Friday, August 21, 2009
The Eighth District Court of Appeals has essentially ruled that a domestic relations court can rely on the monthly expenses voluntarily paid by an ex-husband as method of determining the actual functional income of the ex-husband for spousal support purposes. In Feldman v. Feldman, the Court held that it was proper for a magistrate to rely on the monthly expenses of the ex-husband - as opposed to the stated income of the ex-husband - to determine the amount of spousal support the ex-husband must continue to pay to the ex-wife. Thought: If in your divorce your actual monthly expenses exceed what you claim is your monthly income, you have some explaining to do.
On Ohio Court of Appeals has just held that if you sign a contract that has an arbitration provision (i.e. where the parties agree that all disputes under the contract must be arbitrated rather than litigated in a courtroom by a judge or jury), and, further, if the arbitrator issues a arbitration judgment against you, a court must ratify/confirm that judgment if the winning party applies to have the court do so. In NCO v. Reese, the court held that a trial court had erred when it failed to ratify/confirm an arbitration ruling, and that the trial court in fact HAS to ratify/confirm the arbitration ruling UNLESS the losing party can prove one of VERY limited number of factors. Thought: Be very careful about signing any contract containing an arbitration clause - you may be waving many of the rights you would otherwise have in a courtroom.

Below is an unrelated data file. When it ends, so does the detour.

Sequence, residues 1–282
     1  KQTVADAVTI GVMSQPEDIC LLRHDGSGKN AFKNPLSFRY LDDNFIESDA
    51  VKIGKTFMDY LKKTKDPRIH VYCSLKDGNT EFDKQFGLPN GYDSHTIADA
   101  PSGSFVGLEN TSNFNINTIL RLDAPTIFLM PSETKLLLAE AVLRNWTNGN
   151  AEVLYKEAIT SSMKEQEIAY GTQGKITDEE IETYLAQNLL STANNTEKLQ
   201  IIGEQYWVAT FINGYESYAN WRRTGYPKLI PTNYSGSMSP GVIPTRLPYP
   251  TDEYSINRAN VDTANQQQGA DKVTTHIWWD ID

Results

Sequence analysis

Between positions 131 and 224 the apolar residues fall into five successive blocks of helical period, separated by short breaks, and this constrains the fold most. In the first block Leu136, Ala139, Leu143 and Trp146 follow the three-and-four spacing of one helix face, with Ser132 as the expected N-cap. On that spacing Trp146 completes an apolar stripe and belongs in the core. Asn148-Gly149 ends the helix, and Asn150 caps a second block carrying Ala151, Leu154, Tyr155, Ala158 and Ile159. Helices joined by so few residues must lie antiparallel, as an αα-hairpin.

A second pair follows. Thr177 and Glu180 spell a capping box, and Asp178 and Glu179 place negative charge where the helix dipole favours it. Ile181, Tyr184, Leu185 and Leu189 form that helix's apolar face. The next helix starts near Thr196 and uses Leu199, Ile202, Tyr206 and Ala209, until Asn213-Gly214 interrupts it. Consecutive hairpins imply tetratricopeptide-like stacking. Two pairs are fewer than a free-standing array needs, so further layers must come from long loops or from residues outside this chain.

The Eighth District Court of Appeals has recently held that cognovit notes can, if improperly drafted, can backfire on the drafter. (Cognovit notes are special promissory notes - controlled by statute- which give the holder of the note the ability to get an immediate and automatic judgment if the debtor defaults - without the normal delay associated with normal litigation). If the language in the cognovit note is defective (that is, not drafted according to the statutory mandate), any judgment rendered on the note is void - and unless the complaint is properly served upon the defendant, any other normal judgment rendered against the defendant in a normal litigation process is void as well. In Adams v. Bennett, the Court made it clear that anyone (be it a pro se litigant or a lawyer) who incorrectly drafts a cognovit note may essentially have a worthless document. Thought: Forget the store bought or non-lawyer drafted cognovit notes if the loan in question is important to you.